On the value of mariachi parents

Emma and Leo Carrillo in 2004

Emma and Leo Carrillo in 2004

The recent passing of Leo Carrillo set me thinking again about how important parents are in youth  mariachi and folklorico programs.

The sacrifices they make are countered by the joy that seeing their children fall in love with the music and dance of their culture brings.

I remember seeing Leo at Symphony Hall in Boston on the night Mariachi Cobre, with his sons Steve and Randy, made its debut with the Boston Pops. It was a moment that made both the musicians in the orchestra and the audience sit up and take notice that something extraordinary was coming to the symphonic world.

Leo was beaming. I doubt he was thinking of the many times he drove those kids to practice, and the numerous occasions when he and his wife, Emma, would chaperon out-of-town gigs. But that moment would never have happened without the many things they did for their boys.

Emma Carrillo once told me about how she would listen to Mariachi Vargas’ records and carefully transcribe the lyrics to the songs while her sons were in school. They did not speak Spanish at that time, so she had to teach them the words, the pronunciation, and what they meant.

Neither parent spoke with any sense that what they did was a chore. Clearly it was something they loved every second of.

I often ran into Leo and Emma at the Tucson International Mariachi Conference. They were dedicated fans of the music, whether Cobre was playing or not. They just loved the music and seeing the next group of kids coming along.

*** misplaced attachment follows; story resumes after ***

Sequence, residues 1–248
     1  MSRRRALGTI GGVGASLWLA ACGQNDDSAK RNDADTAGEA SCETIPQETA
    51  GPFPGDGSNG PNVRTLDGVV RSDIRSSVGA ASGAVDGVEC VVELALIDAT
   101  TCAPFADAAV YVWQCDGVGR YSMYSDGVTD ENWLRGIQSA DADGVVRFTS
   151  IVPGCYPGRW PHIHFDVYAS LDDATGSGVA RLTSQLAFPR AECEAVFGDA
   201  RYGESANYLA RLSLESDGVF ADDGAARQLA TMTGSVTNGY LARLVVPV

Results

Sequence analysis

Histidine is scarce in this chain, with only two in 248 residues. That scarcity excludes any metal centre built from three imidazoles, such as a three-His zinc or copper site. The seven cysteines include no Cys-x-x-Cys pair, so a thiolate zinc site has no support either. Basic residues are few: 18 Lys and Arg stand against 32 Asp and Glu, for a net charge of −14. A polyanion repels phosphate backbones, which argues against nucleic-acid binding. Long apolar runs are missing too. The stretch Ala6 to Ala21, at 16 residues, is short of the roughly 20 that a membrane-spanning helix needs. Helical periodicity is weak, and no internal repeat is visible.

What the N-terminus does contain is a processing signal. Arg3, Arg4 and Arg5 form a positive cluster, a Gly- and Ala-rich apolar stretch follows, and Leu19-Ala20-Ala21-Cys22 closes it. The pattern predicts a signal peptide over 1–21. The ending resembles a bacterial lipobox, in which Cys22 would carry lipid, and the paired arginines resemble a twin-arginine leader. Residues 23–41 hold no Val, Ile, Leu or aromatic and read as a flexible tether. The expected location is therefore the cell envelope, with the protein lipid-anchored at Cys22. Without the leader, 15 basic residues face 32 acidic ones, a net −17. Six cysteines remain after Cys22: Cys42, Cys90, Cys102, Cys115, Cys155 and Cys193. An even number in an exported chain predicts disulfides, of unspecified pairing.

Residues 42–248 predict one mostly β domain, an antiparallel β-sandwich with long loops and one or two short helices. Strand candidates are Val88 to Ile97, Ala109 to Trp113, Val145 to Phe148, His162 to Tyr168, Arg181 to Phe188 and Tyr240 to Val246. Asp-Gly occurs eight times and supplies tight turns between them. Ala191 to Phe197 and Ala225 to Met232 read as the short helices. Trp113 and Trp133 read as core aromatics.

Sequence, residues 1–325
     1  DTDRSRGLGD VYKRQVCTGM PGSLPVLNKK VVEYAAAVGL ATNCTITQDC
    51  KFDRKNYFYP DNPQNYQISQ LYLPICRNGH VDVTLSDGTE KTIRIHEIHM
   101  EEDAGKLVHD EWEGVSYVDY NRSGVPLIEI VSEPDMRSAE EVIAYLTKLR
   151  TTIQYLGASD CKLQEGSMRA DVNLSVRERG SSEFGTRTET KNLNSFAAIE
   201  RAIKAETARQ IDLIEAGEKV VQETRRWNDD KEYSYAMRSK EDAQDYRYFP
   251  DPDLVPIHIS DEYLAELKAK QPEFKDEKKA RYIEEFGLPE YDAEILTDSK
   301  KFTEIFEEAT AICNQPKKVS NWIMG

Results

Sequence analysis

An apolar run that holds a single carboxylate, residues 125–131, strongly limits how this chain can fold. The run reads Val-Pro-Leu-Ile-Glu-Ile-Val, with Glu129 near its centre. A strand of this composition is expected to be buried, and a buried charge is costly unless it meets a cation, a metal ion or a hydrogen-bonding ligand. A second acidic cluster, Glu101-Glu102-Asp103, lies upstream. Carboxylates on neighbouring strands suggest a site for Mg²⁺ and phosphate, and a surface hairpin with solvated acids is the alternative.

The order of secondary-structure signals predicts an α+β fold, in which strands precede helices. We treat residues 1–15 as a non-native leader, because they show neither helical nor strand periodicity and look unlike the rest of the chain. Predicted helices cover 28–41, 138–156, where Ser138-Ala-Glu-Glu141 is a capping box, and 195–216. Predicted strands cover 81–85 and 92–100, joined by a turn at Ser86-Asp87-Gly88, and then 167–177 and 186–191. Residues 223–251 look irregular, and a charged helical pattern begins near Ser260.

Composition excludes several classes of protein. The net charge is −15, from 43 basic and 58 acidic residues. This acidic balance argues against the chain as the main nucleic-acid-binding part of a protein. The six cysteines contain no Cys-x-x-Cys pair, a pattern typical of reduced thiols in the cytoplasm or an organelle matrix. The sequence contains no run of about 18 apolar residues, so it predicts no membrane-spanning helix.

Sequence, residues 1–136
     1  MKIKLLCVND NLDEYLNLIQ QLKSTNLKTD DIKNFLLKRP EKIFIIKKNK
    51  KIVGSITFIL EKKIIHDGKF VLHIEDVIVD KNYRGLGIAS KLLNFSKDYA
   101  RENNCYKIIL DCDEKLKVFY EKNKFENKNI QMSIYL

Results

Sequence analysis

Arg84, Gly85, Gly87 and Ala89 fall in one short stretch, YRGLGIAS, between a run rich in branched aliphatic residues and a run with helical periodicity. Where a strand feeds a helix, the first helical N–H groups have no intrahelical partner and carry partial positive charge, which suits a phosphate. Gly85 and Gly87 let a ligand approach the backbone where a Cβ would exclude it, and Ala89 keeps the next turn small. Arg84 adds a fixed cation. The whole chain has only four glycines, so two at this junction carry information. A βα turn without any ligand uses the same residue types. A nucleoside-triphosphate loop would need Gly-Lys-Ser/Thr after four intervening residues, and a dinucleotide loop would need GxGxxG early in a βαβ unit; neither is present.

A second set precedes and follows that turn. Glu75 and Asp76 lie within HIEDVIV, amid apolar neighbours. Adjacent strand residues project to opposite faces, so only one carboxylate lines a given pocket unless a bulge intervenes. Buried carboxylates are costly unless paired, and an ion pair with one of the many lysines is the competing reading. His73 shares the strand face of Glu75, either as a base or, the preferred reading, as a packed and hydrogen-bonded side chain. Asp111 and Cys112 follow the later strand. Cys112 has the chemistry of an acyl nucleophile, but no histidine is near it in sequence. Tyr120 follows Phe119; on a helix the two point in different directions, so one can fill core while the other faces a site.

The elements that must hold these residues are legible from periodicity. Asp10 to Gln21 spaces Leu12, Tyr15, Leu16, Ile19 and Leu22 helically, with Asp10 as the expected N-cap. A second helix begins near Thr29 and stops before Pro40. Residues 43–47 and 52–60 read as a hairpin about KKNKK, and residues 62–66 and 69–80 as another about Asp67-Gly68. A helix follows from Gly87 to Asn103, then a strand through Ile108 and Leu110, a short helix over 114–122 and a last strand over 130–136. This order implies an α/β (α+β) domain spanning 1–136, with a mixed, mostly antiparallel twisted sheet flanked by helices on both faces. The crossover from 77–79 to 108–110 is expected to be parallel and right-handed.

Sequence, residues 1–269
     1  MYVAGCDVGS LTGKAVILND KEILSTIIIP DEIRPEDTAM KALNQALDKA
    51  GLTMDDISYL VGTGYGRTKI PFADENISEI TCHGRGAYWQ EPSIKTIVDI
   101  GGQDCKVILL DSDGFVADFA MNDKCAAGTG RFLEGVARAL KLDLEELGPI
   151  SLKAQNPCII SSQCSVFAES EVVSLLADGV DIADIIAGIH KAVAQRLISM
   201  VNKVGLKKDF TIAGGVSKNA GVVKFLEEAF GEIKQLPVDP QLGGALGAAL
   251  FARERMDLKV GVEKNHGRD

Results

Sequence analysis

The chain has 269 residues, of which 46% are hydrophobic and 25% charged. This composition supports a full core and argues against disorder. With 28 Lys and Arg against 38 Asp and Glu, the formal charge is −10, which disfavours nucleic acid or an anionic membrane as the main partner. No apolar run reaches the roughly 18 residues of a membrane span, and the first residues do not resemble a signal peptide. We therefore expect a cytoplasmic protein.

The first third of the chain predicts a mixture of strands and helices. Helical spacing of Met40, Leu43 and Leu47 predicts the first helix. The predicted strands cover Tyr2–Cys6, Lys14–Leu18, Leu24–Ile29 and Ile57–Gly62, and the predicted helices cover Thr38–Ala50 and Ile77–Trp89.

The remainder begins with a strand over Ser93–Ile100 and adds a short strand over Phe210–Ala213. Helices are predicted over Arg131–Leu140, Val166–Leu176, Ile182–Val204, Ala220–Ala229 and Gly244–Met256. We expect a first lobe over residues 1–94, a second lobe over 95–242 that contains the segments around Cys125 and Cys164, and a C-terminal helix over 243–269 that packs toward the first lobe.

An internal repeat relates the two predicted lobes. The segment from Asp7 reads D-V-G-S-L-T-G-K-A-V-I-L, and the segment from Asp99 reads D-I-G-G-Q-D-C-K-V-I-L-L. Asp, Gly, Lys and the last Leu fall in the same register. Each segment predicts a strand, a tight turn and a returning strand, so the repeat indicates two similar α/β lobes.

Over the years I have seen many special parents. The Carrillos and Mr. and Mrs. Ruiz – Mack’s parents – who were among the pioneers when Mariachi Los Changuitos Feos was the only youth mariachi in town. Eduardo Baca who has done so much to make Ballet Folklorico Tapatio flourish, along with Ralph and Mary Gonzalez whose unending support help Julie Gallego create another folklorico dynasty.

There are many more who I have run into in recent years – of Mexican and other cultural backgrounds – who have done so much to support their kids, and who in turn have become boosters of mariachi and folklorico programs in town. I hope to interview a number of them for the film and tell their stories of the joy it has brought them.

Leo’s passing and my own turning 60 on June 3 remind me of why making this film now is so critical. The “tall trees” of this community must be interviewed while they are still around, and while their memories are clear. My own physical limitations became very clear to me this year at the mariachi conference where lugging gear became more difficult this year than any year prior.

For more on The Mariachi Miracle go to http://www.mariachimiracle.com/.


~ by Daniel Buckley on June 2, 2013.

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